The Questionnaire Game

The Questionnaire Game

The questionnaire game is the latest fundraising technique. Organizations mail questionnaires on subjects that arouse strong feelings, and they word the questions to make people react emotionally. Some of these questionnaires may be sincere and address a real issue. Many of them are scams and quick and easy ways to get money. This has been true of political and religious issues.

As two examples that came in today’s mail, let me point out how this works. The first questionnaire is from “The Freedom Center” and is called “Islam in Our Schools.” The questionnaire begins by making several statements that are both impossible to check out and are very unlikely. For example: “In a Florida school, students had to design and create Muslim prayer rugs.” The unanswered question is, what school and what class? Was it a private school or a public school? Was it an art class or a social studies class? Another statement on the same questionnaire: “While in Texas a seventh-grade assignment taught kids that God was a myth and not a fact.” Again, what school, what subject, and what is meant by “myth.” This statement is followed by: “Countless schools around the country force children to learn and recite the five pillars of Islam.” Countless could be almost any number.

After making these undocumented claims, it plays the questionnaire game with inflammatory questions: “Should schools teach only Pro-Islamic lessons yes or no. Should our schools teach anti-Christian messages to children? Yes or no.” This is just a small sampling of the questions. The questions are followed by asking the person who filled out the questionnaire to include a minimum of $23.00 and return it to the Freedom Center.

Also in the mail was a different questionnaire called “The Faith Survey Michigan Edition.” This questionnaire begins with six personal questions and then asks six rather general opinions such as: “Do you think personal, daily Bible study is an effective way to grow as a Christian? Yes or No.” This one ends with: “Are you willing to help missionaries grow and sustain fruitful discipleship ministries here in America and around the globe?” There is only one choice on this one, and that is, “Yes, I’ve enclosed today’s gift of (check one) $15.00, $25.00, $35.00, and other.” There is no indication of what religious organization you are sending the money to or what they intend to do with the money. You are giving personal information to them – credit card information or check information.

We must beware of the questionnaire game. These questionnaires are a great tool for scammers, and they are likely to be vehicles that are only designed to get money. These are examples in the area of religion, but it is true of political questionnaires as well. Religion and politics have been areas of abuse and exploitation from the beginning of recorded time. Real Christianity is, “To visit the fatherless and widows in their affliction, and to keep oneself unspotted from the world (James 1:27).”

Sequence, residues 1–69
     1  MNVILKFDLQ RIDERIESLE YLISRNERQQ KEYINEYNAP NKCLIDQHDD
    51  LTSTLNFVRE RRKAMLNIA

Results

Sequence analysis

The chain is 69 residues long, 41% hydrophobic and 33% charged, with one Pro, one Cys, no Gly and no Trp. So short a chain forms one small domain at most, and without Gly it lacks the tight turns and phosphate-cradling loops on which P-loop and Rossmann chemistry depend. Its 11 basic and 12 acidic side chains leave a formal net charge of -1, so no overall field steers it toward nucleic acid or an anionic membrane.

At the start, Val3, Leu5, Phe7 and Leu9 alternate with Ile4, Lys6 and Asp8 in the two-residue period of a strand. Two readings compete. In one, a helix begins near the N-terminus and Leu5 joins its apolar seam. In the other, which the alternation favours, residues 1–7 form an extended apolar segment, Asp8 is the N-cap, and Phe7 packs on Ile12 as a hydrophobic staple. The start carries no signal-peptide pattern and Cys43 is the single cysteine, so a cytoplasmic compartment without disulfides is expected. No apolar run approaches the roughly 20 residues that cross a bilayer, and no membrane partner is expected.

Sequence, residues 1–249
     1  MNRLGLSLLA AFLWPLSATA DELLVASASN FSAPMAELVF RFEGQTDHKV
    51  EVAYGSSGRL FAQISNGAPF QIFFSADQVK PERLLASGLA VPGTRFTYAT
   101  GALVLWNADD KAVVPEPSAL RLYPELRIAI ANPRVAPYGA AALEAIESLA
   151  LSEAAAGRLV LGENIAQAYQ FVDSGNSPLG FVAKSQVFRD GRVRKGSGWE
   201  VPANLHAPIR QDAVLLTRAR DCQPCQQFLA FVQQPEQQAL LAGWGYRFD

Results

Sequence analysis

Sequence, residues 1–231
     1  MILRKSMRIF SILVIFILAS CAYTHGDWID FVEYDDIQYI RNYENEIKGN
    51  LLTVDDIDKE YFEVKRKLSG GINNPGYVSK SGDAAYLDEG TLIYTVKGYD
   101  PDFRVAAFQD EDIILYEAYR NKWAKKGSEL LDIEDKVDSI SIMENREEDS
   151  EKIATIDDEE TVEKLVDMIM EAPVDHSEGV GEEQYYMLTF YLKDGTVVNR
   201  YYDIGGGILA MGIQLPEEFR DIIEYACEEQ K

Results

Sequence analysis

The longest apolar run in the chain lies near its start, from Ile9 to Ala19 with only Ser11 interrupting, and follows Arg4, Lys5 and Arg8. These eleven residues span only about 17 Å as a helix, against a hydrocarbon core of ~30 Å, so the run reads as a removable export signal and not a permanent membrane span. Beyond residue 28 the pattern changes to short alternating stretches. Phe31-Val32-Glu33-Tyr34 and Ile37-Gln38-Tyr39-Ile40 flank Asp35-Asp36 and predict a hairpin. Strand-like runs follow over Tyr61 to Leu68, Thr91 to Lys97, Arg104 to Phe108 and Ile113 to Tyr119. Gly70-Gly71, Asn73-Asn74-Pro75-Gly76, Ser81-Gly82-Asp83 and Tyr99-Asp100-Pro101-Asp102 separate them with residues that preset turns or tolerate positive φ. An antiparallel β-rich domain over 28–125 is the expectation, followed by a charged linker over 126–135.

— John N. Clayton © 2020

Teen Magazine Scams

Hematite (Iron Ore)
Hematite (Iron Ore)

It has been said that if you don’t believe in something, you will believe anything. Many teenagers today have been turned off by religion. For a large number of these kids, the problem is that religion doesn’t make sense. They see adults preaching one thing and living in diametric opposition to what they are preaching. They find that when they ask questions, those questions are not being answered.

Recently someone sent us a copy of a teen magazine which is also on the web. One of the articles that caught my eye was highlighted with “people are trying to grasp on to something higher than themselves.” The article then quotes the Pew Research Center data we have discussed in this journal saying that Americans are becoming less religious. They then promote “rock stars” which are crystals which they say will “de-stress, boost energy, and brighten your mood.” The minerals they list are hematite which they say will help you sleep and rose quartz which they say “will open you up to platonic and romantic love” (and they don’t explain how love can be both platonic and romantic). They also have amazonite which has turquoise which they say will help with accountability, and amethyst which will cure addictive behaviors. These, of course, are all common minerals which you could find in your backyard. To call them “magic stones” and promote their use as a solution to teenage issues in the twenty-first century is an out and out lie.

But then if you don’t believe in something you can fall for anything.
–John N. Clayton © 2017